The government may settle an action brought by a relator, notwithstanding any objection by the relator, “if the court determines, after a hearing, that the proposed settlement is fair, adequate, and reasonable under all the circumstances.”55 The Supreme Court has before it in the 2022-2023 Term the issue whether the government can move to dismiss a FCA action in which it has not intervened and the procedural steps in order for the government to do so.56 The law on this precise point also could change in the coming months.
II. Application of the FCA to Cybersecurity Issues
Since the start of the CCFI, there have been two reported FCA cyber-fraud settlements. The first occurred in March 2022 and involved the resolution of two whistleblower actions pending in the Eastern District of New York against Comprehensive Health Services LLC (“CHS”).57 CHS is contracted to provide medical support services at government-run facilities in Iraq and Afghanistan. The government asserted that, under one of the contracts, CHS submitted claims to the State Department for the cost of a secure electronic medical record (EMR) system to store all patients’ medical records. The DOJ alleged that, between 2012 and 2019, CHS billed the State Department $485,866 for storing medical records in a secure system, even though some of the medical records were saved on an internal network drive that was accessible to non-clinical staff. This was asserted to be a direct violation of government contractual requirements. The DOJ alleged that CHS did not take adequate steps to store information exclusively on the EMR system, even after concerns were raised about the privacy of protected information. CHS resolved claims relating to these allegations, and allegations that it falsely represented certain medical supplies as being approved by the FDA or EMA, for $930,000.58
On July 8, 2022, the DOJ reported another settlement involving alleged cybersecurity violations by defense contractor Aerojet Rocketdyne Holdings and Aerojet Rocketdyne Inc. (collectively “Aerojet”), who allegedly failed to comply with requirements in certain federal government contracts.59 The case was watched closely by practitioners in this area. The claim was originally filed by former Aerojet employee Brian Markus – the former senior director of Cybersecurity, Compliance & Controls. Markus alleged that Aerojet knew its cybersecurity programs fell short of Department of Defense and NASA acquisition regulations, which were part of contracts between Aerojet and the agencies.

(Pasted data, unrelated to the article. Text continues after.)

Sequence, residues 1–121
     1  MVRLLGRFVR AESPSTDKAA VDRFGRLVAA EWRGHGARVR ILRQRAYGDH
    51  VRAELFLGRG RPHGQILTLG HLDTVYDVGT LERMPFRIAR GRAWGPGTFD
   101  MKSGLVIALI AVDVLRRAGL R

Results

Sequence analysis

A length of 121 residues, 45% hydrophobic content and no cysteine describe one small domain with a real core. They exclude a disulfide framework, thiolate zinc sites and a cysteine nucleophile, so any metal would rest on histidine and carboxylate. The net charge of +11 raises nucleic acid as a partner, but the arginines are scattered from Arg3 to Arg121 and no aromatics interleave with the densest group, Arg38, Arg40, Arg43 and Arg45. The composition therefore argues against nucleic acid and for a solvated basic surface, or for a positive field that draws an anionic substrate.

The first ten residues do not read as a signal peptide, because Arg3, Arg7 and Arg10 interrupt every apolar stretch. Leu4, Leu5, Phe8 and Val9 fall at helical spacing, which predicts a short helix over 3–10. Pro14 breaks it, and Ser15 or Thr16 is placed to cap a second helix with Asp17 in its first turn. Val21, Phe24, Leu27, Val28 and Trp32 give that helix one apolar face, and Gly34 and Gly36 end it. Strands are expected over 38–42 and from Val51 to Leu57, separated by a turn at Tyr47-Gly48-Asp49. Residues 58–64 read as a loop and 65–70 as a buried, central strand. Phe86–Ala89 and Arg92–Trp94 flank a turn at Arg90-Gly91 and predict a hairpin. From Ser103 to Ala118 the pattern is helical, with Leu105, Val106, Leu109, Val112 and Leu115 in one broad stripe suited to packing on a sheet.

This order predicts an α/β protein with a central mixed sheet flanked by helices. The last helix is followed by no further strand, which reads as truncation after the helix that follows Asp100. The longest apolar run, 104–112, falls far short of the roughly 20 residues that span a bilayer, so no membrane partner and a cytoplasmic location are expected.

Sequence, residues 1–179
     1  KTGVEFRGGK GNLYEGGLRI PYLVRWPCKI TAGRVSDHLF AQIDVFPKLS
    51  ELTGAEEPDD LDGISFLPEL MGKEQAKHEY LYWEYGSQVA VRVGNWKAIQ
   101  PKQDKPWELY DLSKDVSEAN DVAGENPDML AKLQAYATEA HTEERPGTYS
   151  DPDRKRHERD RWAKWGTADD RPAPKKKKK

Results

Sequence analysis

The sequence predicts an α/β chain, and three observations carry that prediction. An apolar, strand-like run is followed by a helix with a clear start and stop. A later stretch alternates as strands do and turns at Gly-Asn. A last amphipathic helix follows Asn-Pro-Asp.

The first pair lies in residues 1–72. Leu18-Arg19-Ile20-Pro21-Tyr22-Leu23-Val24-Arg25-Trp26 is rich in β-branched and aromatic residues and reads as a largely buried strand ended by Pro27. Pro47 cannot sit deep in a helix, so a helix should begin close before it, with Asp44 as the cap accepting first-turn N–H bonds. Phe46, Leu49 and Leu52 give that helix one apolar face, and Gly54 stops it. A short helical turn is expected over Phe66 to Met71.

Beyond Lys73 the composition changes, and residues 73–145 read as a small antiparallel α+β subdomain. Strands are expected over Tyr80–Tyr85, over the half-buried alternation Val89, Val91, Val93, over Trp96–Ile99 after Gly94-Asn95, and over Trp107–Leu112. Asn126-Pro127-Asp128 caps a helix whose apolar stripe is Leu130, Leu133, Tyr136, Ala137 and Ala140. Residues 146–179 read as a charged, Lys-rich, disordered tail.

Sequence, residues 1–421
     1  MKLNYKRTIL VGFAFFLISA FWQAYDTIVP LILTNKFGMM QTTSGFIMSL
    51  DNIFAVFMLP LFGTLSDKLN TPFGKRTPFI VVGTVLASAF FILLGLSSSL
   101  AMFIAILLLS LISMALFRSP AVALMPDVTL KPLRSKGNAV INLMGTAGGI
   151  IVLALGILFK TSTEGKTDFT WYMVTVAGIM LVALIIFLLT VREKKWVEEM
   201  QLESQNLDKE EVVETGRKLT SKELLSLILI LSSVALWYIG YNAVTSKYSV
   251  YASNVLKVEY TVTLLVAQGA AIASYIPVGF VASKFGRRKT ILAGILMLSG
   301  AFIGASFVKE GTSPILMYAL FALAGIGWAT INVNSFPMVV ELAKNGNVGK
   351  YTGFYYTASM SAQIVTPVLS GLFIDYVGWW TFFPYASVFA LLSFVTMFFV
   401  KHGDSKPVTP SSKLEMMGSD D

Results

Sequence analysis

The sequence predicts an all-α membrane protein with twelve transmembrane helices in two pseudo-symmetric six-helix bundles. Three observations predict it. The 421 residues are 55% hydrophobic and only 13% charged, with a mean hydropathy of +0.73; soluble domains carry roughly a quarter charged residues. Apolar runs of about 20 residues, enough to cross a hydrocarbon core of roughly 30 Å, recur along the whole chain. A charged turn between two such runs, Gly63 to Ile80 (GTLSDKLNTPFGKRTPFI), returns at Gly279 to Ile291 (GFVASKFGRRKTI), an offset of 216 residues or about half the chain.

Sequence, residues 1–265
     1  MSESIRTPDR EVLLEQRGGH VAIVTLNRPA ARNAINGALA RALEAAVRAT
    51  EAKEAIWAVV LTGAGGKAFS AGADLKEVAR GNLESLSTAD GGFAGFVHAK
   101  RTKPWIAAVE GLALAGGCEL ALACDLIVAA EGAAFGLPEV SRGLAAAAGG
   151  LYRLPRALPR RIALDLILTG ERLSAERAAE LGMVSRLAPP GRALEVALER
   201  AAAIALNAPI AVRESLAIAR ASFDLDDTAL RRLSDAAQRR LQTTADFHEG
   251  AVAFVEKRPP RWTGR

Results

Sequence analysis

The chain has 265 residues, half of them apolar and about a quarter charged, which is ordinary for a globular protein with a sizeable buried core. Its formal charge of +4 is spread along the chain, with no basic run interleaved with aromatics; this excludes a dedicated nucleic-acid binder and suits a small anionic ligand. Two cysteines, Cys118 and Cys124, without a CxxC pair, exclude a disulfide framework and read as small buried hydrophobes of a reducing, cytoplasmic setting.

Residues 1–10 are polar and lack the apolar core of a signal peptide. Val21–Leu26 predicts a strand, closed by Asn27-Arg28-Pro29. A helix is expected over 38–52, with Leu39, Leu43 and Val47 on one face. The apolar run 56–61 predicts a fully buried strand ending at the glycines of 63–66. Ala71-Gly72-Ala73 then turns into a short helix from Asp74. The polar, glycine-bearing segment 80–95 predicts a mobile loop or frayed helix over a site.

Despite declining to intervene in the Aerojet case in June 2018, the government filed a statement of interest two weeks after it announced the Civil Cyber-Fraud Initiative, assailing Aerojet’s arguments that it was entitled to summary judgement.60 Notably, the government argued that Aerojet’s contractual deficiencies were a source of damages even if Aerojet otherwise complied with the contracts because “the government did not just contract for rocket engines, but also contracted with [Aerojet] to store the government’s technical data on a computer system that met certain cybersecurity requirements.” The government also argued that assertions that the entire defense industry is not compliant with cybersecurity requirements has no bearing on whether such compliance is material to the government’s payment decision in any particular case.